Returning from a week-long trip to the Vatican, Cardinal Bernard Law of the Roman Catholic Boston Archdiocese announced yesterday that he has no plans to resign after knowingly allowing alleged pedophiles to remain in their posts as priests for decades. Of his refusal to resign, Law said, “I think that it would not serve the cause of protecting children if I were, at this point, to submit my resignation to the Holy Father.”
Law admitted that he knew that now defrocked priest John J. Geoghan, convicted of indecent assault on a minor and charged with child rape and molestation, had been accused of child abuse in at least three parishes, but instead of revoking his duties, Law merely reassigned Geoghan to new parishes. This decision helped Geoghan allegedly victimize more than 130 children since the 1980s according to the Boston Globe. Of his decision, Law claimed, “I didn’t have the knowledge, the experience with this issue, the wisdom of time that I have now.”
Since the publicity spurned by the Geoghan trial, the Boston Archdiocese has released 85 names of priests who are suspected of allegedly sexually abusing children to district attorneys in at least five counties. Law now plans to focus on protecting children, but many are skeptical. Critics have charged that if Law had been in any other profession, he would have been forced to step down. In response, Law said, “It’s important to remember that a bishop is not a corporate executive, is not a politician…the role of a bishop in relationship to the church he serves is something different. It’s the role of pastor, the role of teacher, the role of a father.”
10/31/2014 Federal Judge Exempts Another Catholic University from Birth Control Coverage - A federal judge ruled Tuesday that Ave Maria University, a Catholic university in Florida, does not have to comply with federal rules meant to ensure that covered employees can exercise their right to obtain birth control at no cost.
The Affordable Care Act requires all new health insurance plans to cover all FDA-approved contraceptives - such as the pill, emergency contraceptives, and IUDs - without charging co-pays, deductibles or co-insurance. . . .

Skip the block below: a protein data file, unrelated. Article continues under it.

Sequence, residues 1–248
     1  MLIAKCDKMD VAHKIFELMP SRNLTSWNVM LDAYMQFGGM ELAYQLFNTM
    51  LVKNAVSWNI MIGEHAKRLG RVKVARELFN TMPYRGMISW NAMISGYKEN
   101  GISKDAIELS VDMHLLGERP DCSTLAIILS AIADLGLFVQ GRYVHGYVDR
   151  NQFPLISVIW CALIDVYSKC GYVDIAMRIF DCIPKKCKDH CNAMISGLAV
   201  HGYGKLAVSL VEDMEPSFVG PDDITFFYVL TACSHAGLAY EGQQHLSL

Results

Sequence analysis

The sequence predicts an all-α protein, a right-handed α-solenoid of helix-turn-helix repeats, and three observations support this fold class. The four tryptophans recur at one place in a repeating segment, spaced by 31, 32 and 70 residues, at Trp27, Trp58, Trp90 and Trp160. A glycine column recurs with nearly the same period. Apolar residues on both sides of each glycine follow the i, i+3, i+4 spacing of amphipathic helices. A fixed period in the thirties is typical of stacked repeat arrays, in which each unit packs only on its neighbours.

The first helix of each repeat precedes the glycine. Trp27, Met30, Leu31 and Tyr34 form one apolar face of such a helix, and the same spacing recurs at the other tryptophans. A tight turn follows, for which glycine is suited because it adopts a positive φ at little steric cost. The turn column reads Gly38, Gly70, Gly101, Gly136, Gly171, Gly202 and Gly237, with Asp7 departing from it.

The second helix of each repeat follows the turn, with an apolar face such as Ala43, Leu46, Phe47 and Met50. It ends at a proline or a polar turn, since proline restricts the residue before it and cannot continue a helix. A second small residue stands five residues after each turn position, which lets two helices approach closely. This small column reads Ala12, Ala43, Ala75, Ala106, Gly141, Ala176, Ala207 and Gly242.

10/31/2014 Women of Color in Tennessee Are United in Opposition to Amendment 1 - Just days before the general election in Tennessee, a coalition of community leaders, clergy, and advocates led a press conference encouraging women of color to vote no on Amendment 1, a dangerous and far-reaching measure on the state's ballot.
SisterReach, a grassroots organization focused on "empowering, organizing, and mobilizing women and girls in the community around their reproductive and sexual health to make informed decisions about themselves," organized the press conference "to call attention to the unique concerns Black and poor communities throughout Shelby County and across the state of Tennessee face on a daily basis" and to emphasize how the upcoming election "could further limit [black women's] reproductive, economic, political, and social autonomy."
"We assemble today to impress upon black women and women of color, many of whom are heads of households, to get out and vote," said SisterReacher Founder and CEO Cherisse Scott at the event.
SisterReach has been educating voters about the particularly dangerous impact of Amendment 1 on women of color. . . .
10/30/2014 Medication Abortion Access Threatened by Oklahoma Court Ruling - An Oklahoma state district court judge has refused to block a state law restricting medication abortion, clearing the way for the law to go into affect on November 1.
The Oklahoma Coalition for Reproductive Justice, together with a local abortion clinic in Tulsa, challenged HB 2684 in September, arguing that the law was an unconstitutional restriction on non-surgical abortion in the earliest weeks of pregnancy. . . .